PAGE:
another person familiar with the maneuverings said.
An investment from him would have the bonus of looking like an
endorsement of an Occidental deal from the famed investor, this
Mr. Moynihan called Mr. Buffett to broker a meeting. Ms. Hollub
planned a visit to Omaha for that weekend.
First, however, she made a quick trip to Paris on April 26 and
struck a conditional deal to sell Anadarko's extensive African
assets to oil company Total SA for $8.8 billion, reducing
Occidental's leverage after an Anadarko takeover.
Her next trip was to Omaha over the weekend. With her was a top
lieutenant and former Bank of America banker, Oscar Brown, Mr.
Buffett said at Berkshire's annual meeting on Saturday.
Within an hour, they struck a deal for Berkshire to spend $10
billion for 100,000 Occidental preferred shares yielding 8% if the
Anadarko deal went through.
It gave Ms. Hollub more room to raise her offer. "They
absolutely know we have $10 billion and we're not going to tell
them how to structure their transaction and do anything else," Mr.
Buffett said on Saturday.
Decades ago, Occidental was one of a handful of oil explorers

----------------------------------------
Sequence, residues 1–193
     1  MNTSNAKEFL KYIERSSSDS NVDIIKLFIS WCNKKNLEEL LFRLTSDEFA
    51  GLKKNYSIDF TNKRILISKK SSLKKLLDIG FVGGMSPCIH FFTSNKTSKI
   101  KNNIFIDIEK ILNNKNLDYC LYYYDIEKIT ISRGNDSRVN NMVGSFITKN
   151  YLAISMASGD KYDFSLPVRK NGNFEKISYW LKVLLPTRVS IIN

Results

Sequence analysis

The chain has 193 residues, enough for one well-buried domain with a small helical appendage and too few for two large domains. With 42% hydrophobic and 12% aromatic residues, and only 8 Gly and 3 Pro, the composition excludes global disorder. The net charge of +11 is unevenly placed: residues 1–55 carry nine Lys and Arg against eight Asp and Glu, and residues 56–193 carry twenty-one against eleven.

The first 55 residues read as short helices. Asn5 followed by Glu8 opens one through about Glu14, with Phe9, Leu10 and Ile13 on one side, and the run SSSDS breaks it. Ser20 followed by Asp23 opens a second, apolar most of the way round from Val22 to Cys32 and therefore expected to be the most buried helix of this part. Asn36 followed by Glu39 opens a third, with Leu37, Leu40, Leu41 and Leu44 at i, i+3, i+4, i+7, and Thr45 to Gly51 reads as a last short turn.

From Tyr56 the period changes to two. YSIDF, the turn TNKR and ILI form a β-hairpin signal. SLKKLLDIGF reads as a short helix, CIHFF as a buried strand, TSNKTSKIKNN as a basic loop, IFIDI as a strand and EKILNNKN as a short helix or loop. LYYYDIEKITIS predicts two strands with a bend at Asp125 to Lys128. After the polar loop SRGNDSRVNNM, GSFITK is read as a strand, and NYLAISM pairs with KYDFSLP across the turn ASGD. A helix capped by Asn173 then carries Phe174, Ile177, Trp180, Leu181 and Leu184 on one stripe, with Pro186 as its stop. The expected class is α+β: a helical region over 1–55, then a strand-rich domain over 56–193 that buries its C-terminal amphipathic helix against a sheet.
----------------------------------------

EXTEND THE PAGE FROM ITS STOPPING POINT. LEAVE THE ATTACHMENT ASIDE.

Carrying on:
led by charismatic wildcatters -- companies like J. Paul Getty's
Getty Oil Co. and Leon Hess's Hess Corp. -- that took risks in
places others avoided. Occidental boomed under Armand Hammer, who
took over what was a sleepy California oil company in 1957 and
turned it into a substantial player, mainly through an oil
concession in Libya he obtained in the late 1960s.
Competing with companies five or six times its size, Occidental
developed an expertise at pumping oil from places that others were
willing to discard. One such was the Permian Basin, which had once
been among the world's hottest oil fields but by the late 1990s and
early 2000s was left for dead by most of the majors.
Occidental developed ways to get more oil out of aging
conventional wells there by injecting carbon dioxide into them. It
is now a leader in carbon injection, a process analysts say could
extend the lives not only of conventional wells but of shale wells,
which produce prodigiously at first but rapidly decline.
That has also put Occidental at the forefront of the burgeoning
business of capturing carbon to forestall climate change. Last
year, Ms. Hollub helped lobby for legislation, since passed, to
extend and increase carbon-capture tax credits.
"She was the go-to phone call," said former Sen. Heidi Heitkamp
of North Dakota. "She's not like a lot of executives who might just
say, 'I need this.' She will put the credibility of her company
into something she believes in."
Ms. Hollub, who studied mineral engineering at Alabama, worked
on oil rigs right out of college and landed at Occidental in 1982
when it bought the company she worked for, Cities Service. She rose